Just a few weeks ago, a Purple Heart was found on the side of the road in Bakersfield. No one knows for sure how it got there, but thanks to research by some Bakersfield High School students and their teacher, they now know the recipient.
"Right there in the middle of the road, right in that lane," said Bobby Hanks, Commander for the VFW Post 97.
In a place you'd only expect to find trash, a trucker passing through found a Purple Heart on South Union Avenue right in front of VFW Post 97.
"It was on the edge of the street, right on the highway," said Hanks.
The trucker turned the medal over to the veterans and the vets knew they had to find its rightful owner.
"That medal doesn't belong to anyone but his family," said Hanks.
The veterans decided to turn the Purple Heart over to BHS teacher Ken Hooper and his archiving class.
"It kind of caught my eye because I had never seen one before," said Megan Stapp, a BHS archiving student.
The only clues the students had were engraved on the back of the medal, showing the recipient's name, his rank and the day he died.
"That was it, and then it turned into this cross country adventure," said Hooper.
"We spent about three weeks looking for this one person," said Stapp.
They contacted historians, genealogists and newspapers to finally identify the man this medal belonged to. Robert A. Bates was a Navy Corpsman who enlisted in 1940 and was first stationed in San Diego. Then on December 7, 1941, the Japanese attacked Pearl Harbor and Bates was killed on the U.S.S. Arizona.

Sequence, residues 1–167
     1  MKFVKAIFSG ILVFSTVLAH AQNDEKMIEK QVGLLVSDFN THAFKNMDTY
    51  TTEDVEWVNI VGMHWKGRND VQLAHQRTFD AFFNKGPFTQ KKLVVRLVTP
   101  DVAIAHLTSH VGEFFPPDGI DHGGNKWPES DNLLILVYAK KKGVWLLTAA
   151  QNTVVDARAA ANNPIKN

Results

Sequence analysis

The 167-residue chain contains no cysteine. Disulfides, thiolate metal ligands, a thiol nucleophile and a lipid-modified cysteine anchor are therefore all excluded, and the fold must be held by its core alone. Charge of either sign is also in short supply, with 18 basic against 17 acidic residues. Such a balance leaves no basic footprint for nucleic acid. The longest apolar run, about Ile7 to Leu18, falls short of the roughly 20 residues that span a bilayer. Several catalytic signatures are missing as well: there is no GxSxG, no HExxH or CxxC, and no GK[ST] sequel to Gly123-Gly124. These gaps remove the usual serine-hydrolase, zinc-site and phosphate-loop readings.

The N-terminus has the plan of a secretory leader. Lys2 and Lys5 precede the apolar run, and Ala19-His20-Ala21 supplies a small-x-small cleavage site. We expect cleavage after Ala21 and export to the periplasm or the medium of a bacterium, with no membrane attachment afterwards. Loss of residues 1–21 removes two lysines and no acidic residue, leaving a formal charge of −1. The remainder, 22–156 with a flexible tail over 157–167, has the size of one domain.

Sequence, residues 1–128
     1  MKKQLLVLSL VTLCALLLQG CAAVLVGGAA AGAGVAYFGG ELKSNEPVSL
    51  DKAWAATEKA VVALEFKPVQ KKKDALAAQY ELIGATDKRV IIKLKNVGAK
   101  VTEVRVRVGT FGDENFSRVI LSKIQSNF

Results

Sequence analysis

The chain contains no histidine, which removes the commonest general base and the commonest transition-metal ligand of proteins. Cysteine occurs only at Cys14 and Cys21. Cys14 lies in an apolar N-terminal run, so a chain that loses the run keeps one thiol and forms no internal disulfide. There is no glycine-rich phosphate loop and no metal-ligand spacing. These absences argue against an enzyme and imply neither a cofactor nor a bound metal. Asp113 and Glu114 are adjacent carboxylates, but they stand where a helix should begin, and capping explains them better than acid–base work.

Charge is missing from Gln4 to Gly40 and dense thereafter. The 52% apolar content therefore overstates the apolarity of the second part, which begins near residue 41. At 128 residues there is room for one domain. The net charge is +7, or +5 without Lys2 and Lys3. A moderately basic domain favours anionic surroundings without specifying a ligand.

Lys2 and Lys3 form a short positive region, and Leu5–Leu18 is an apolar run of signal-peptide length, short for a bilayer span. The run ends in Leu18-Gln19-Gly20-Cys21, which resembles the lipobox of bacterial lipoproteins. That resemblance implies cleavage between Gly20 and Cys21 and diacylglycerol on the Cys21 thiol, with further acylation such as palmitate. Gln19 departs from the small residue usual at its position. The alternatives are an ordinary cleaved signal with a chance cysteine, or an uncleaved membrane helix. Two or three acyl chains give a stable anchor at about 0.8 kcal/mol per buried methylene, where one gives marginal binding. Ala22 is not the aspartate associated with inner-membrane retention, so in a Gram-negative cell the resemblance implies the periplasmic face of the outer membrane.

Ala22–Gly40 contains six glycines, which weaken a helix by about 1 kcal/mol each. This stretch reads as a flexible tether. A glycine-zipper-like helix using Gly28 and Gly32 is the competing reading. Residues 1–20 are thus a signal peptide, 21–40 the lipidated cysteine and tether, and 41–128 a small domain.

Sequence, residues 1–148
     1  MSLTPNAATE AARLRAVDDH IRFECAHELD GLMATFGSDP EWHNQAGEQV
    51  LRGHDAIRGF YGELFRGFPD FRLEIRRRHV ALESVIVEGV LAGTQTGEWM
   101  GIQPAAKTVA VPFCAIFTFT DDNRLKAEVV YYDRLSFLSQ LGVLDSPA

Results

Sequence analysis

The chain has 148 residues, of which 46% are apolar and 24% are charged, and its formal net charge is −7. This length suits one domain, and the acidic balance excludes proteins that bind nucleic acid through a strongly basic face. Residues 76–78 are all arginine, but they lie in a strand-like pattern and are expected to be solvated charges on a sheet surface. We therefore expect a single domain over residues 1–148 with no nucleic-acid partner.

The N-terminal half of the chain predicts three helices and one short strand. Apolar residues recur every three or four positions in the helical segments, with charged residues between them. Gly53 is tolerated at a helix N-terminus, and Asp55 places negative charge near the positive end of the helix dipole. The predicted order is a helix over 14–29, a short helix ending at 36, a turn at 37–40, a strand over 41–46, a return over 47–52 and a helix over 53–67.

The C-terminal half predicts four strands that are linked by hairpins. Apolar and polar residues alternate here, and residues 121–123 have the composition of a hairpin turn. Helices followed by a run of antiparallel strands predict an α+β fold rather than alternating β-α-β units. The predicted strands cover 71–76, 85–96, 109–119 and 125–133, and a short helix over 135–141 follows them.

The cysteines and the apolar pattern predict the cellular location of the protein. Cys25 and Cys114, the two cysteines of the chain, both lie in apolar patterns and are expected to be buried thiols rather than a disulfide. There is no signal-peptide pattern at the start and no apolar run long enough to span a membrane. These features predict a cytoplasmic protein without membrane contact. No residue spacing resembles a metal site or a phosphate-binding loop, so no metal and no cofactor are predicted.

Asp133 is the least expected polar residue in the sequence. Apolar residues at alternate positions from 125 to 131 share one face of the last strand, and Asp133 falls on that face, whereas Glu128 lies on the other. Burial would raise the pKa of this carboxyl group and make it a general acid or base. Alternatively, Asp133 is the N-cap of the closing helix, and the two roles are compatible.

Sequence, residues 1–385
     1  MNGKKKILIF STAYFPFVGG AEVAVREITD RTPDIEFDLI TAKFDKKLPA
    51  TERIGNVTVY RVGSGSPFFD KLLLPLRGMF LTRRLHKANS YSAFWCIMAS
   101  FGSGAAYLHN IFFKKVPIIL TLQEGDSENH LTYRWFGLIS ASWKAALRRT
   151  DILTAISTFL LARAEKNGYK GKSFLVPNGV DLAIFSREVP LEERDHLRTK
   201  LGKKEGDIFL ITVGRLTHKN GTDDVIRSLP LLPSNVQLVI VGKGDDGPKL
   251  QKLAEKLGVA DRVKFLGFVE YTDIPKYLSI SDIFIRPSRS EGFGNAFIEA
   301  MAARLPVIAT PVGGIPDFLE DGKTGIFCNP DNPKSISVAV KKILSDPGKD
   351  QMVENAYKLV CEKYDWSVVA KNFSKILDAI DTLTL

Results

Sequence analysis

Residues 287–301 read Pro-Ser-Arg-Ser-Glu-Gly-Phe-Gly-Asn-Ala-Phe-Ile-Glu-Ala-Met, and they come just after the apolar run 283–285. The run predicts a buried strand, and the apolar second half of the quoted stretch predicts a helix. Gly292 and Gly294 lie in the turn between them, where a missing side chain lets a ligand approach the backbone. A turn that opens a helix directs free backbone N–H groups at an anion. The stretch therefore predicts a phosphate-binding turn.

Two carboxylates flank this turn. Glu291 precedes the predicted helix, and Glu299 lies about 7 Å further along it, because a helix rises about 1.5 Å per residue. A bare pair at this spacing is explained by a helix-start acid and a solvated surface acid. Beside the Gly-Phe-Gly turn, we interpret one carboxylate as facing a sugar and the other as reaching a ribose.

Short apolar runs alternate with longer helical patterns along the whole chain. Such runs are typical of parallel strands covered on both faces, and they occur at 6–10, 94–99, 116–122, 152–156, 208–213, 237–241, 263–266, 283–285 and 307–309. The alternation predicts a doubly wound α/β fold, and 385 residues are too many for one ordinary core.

"His body is still entombed in the U.S.S Arizona," said Hooper. "There's no body been recovered."
After learning about the man behind the medal, the search began for his closest living relative. The class found Bates' niece, Kris Wilson, in Texas.
"I called her at 7:30 at night on a Saturday and it was a little intense conversation," said Hooper.
"It's amazing that, that is coming back to our family after 70 years," said Wilson. "It's just some amazing work by the people in Bakersfield."
When Wilson receives the medal, she plans to give it to her brother who is a veteran.
"I'm going to make a nice plaque and seal it," said Mark Bates, Bates' nephew.
One question still remains, how did the Purple Heart end up on old 99? Relatives think it was lost there by one of Bates' brothers who lived in Bakersfield.
But, that's only a guess.
"I don't know if we'll ever find out why it was on the side of the road," said Hooper.
In any case, very soon the medal will be back in the Bates family.
"We knew that it was important to get it into someone's hands," said Hooper.
Upon hearing about the medal, Kern County veterans have vowed to deliver it to the family in person.